1. ^ U.D. Kulkarni; et al. "The International Journal of Climate Change: Impacts and Responses » Rate of Siltation in Wular Lake, (Jammu and Kashmir, India) with Special Emphasis on its Climate & Tectonics". The International Journal of Climate Change: Impacts and Responses. Retrieved 2009-11-16.
  2. ^ Siltation Monitoring Plan excerpt, retrieved 2010-07-11,
Akra Kaur Dam

Akra Kaur Dam, sometimes also referred to as Ankara Kaur Dam, is located near Gawadar in Balochistan, Pakistan. The dam was constructed in 1995 at a cost of $24 million to supply water to Gawadar and adjoining villages. It is the sole source of water supply to residents of the Gwadar District area. The dam stretches over an area of 17,000 acres (6,900 ha; 27 sq mi).In 2005, torrential rain in the area caused an overflow from the dam, inundating a number of villages and claiming at least 20 lives. In July 2012, reports emerged that the dam had dried up completely due to large-scale siltation. This has posed serious water supply challenges to local residents, including acute shortage of drinking water.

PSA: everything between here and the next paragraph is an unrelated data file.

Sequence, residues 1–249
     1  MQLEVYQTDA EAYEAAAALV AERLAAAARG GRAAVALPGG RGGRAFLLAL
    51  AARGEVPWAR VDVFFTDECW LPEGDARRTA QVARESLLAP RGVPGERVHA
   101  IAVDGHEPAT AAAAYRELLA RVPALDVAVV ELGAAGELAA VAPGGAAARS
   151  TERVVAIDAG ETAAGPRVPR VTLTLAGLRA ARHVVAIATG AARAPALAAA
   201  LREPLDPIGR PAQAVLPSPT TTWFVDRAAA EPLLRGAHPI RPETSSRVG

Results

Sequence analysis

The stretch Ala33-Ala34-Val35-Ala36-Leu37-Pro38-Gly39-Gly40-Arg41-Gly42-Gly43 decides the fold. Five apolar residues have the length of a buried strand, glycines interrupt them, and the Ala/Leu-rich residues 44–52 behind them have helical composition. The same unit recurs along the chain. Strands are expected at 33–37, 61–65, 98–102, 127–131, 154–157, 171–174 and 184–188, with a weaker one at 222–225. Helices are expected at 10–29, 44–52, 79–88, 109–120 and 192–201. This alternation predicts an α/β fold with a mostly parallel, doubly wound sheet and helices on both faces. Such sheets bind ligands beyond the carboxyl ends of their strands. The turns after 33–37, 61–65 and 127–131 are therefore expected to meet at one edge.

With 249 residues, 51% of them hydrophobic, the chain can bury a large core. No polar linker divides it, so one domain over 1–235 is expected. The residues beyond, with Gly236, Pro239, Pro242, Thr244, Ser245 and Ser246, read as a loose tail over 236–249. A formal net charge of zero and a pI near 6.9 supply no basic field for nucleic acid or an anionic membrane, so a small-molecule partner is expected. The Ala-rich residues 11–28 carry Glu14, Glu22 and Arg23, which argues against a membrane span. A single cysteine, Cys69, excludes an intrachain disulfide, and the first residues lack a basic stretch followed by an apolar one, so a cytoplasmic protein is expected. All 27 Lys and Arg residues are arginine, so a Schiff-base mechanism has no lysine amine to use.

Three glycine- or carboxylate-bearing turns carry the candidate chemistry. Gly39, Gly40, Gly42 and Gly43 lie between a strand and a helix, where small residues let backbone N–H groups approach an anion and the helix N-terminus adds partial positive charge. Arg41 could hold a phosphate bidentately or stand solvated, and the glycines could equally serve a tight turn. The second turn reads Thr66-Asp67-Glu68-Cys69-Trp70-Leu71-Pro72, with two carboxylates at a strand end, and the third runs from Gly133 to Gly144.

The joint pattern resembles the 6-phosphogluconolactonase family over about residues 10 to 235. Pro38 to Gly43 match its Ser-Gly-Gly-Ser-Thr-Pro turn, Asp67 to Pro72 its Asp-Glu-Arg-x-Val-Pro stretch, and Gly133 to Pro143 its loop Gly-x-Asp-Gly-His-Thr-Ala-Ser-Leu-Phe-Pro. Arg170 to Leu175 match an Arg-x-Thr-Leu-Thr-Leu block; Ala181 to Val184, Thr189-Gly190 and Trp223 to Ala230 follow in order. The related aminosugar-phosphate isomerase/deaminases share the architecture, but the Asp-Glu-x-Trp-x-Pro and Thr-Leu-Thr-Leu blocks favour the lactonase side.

Chautauqua National Wildlife Refuge

The Chautauqua National Wildlife Refuge is located on the Illinois River in Mason County northeast of Havana, Illinois. It is managed by the U.S. Fish and Wildlife Service as one of the four Illinois River National Wildlife and Fish Refuges.

The refuge consists of 4,388 acres (17.8 km²) of Illinois River bottomland, nearly all of it wetland. The parcel is the former Chautauqua Drainage and Levee District, a failed riverine polder. In the 1920s, workers with steam shovels surrounded the levee district with a large dike in an attempt to create a large new parcel of agricultural farmland. The levee district proved to be financially unable to maintain the dike, however, and the Illinois River reclaimed the polder. The complex alluvial topography that had existed before this intervention was replaced by the broad shallow pool of Chautauqua Lake.